Our Correspondent

Daily Courier – The Socio-Economic Research and Development Centre (SERDEC) has reiterated the need for the federal government of Nigeria to address an age-long economic injustice, marginalization and deprivation suffered by the original inhabitants of the nation’s capital due to the presence of government in their ancestral land.

SERDEC stated this on Tuesday at the launch of the project themed; ‘Promoting the Rights of the original inhabitants of FCT-Abuja’ which held in the nation’s capital.

The project which is supported by MacArthur Foundation and the Resource Centre for Human Rights Education (CHRICED) is a two year project under the Equitable Recovery Grant to work for ethnic injustice as it concerned the marginalized of the original inhabitants of the FCT.

While delivering a welcome address at the launchingceremony, the Executive Director, SERDEC, Tijani Abdulkareem noted that the project will enhance equitable access to employment, empowerment program and livelihood opportunities before 2023 within the six area councils of FCT.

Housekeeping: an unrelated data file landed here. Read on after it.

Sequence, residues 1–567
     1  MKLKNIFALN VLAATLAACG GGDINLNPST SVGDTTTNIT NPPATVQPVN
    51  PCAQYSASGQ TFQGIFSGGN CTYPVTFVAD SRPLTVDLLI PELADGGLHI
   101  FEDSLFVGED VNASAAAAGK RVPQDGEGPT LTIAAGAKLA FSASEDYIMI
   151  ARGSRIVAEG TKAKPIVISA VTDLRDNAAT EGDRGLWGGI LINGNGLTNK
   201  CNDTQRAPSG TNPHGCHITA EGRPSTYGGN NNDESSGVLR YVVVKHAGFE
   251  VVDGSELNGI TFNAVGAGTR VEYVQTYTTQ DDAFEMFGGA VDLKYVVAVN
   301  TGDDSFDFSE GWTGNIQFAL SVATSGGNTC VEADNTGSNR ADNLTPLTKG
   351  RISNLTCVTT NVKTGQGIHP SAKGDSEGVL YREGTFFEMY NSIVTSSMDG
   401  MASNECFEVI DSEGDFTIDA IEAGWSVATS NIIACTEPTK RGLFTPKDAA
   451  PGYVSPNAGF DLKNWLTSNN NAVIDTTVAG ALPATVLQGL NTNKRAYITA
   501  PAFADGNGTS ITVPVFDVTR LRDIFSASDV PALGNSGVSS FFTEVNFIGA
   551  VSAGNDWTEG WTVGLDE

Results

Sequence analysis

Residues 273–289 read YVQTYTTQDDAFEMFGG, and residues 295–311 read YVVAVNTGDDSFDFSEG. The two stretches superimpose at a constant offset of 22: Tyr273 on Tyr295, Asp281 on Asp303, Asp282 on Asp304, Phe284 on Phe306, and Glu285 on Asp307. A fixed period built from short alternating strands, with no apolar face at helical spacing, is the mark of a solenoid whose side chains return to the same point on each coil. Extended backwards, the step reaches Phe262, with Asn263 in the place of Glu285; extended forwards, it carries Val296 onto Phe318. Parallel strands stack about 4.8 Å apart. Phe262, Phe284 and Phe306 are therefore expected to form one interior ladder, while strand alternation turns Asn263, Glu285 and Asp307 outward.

He said, ” Following the grant signing in November, 2021, SERDEC joins other partners that will be channeling activities toward advocating for the promotion and protection of the economic, cultural and political rights of the original inhabitants,”

Abdulkareem who thanked Macarthur and CHRICED for their interventions thereafter, called for synergy and stronger collaborations with the Media and Civil Society for proper implementation of the project.

Also speaking, CHRICED Executive Director, Dr. Ibrahim Sikirulahi praised the FCT original inhabitants for sacrificing their lands and privileges for the Abuja capital city vision.

He then assured that at the end of the project, the lives of the inhabitants would be greatly impacted.

In a brief speech, representative of the indigenous inhabitants of the FCT, HRH Yakubu Kure Alkali after thanking the organiser for the project, added that his people continued to move away farther into the bush mainly because they needed to get land to farm and fend for their families.